|Kaur Wetlands, the Gambia|
Charadrius aegyptius Linnaeus, 1758
The Egyptian plover (Pluvianus aegyptius), also known as the crocodile bird, is a wader, the only member of the genus Pluvianus. Formerly placed in the pratincole and courser family, Glareolidae, it is now regarded as the sole member of its own monotypic family Pluvianidae.
The Egyptian plover is a striking and unmistakable species. The 19–21 cm long adult has a black crown, back, eye-mask and breast band. The rest of the head is white. The remaining upperpart plumage is blue-grey, and the underparts are orange. The longish legs are blue-grey.
In flight, it is even more spectacular, with the black crown and back contrasting with the grey of the upperparts and wings. The flight feathers are brilliant white crossed by a black bar. From below, the flying bird is entirely white, apart from the orange belly and black wing bar. After landing, members of a pair greet each other by raising their wings in an elaborate ceremony that shows off the black and white markings. The sexes are similar, but juveniles are duller and the black marking are intermixed with brown.
Habitat and range
This usually very tame bird is found in pairs or small groups near water. It feeds by pecking for insects. The call is a high-pitched krrr-krrr-krrr.
Its two or three eggs are not incubated, but are buried in warm sand, temperature control being achieved by the adult sitting on the eggs with a water-soaked belly to cool them. If the adult leaves the nest, it smooths sand over the eggs, though if it is frightened the job may be hasty. The chicks are precocial, and can run as soon as they are hatched and feed themselves shortly afterwards. The adults cool the chicks in the same way as with the eggs. The chicks may drink water from the adult's belly feathers. The adults bury the chicks in the sand temporarily if danger threatens.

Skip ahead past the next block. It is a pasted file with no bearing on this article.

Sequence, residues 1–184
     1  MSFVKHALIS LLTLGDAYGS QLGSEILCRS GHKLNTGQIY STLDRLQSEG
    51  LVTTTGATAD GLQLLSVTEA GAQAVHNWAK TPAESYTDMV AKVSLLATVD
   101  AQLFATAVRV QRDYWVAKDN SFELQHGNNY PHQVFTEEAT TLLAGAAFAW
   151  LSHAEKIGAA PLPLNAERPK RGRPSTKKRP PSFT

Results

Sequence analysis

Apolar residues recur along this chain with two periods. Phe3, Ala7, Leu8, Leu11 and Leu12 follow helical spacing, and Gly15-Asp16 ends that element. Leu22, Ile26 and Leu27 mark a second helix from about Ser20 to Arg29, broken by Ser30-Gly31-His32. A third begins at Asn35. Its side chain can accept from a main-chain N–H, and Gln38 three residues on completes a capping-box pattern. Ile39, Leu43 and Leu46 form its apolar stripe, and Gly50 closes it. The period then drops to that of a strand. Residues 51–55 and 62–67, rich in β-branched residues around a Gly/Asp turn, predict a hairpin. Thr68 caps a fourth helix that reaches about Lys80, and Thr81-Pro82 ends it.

Supposed relationship with crocodiles
The bird is sometimes referred to as the crocodile bird for its alleged symbiotic relationship with crocodiles. According to Herodotus, the crocodiles lie on the shore with their mouths open and a bird called "trochilus" flies into the crocodiles' mouths so as to feed on decaying meat lodged between the crocodiles' teeth. The identification of the trochilus with any particular plover is doubtful, as is the cleaning symbiosis itself; no known photographic evidence exists,[a] and the written accounts are considered suspect by the biologist Thomas Howell.
- The image by Warren Photographic showing an Egyptian plover apparently inside the mouth of a Nile crocodile is stated on its website to be "[a] digital reconstruction of [the] popular myth attributed to Herodotus, 5th Century BC. Africa."
This article includes a list of references, but its sources remain unclear because it has insufficient inline citations. (March 2009) (Learn how and when to remove this template message)
- BirdLife International (2012). "Pluvianus aegyptius". IUCN Red List of Threatened Species. Version 2013.2. International Union for Conservation of Nature. Retrieved 26 November 2013.
- National Geographic Magazine, 1986.
- The History of Herodotus - Book II
- "WP00955 Nile Crocodile (Crocodylus niloticus) with Egyptian Plover or Crocodile Bird (Pluvianus aegyptius)". Warren Photographic. Retrieved 25 February 2015.
WP00955 Nile Crocodile (Crocodylus niloticus) with Egyptian Plover or Crocodile Bird (Pluvianus aegyptius) - digital reconstruction of popular myth attributed to Herodotus, 5th Century BC. Africa.
- Breeding Biology of the Egyptian Plover by Thomas R. Howell
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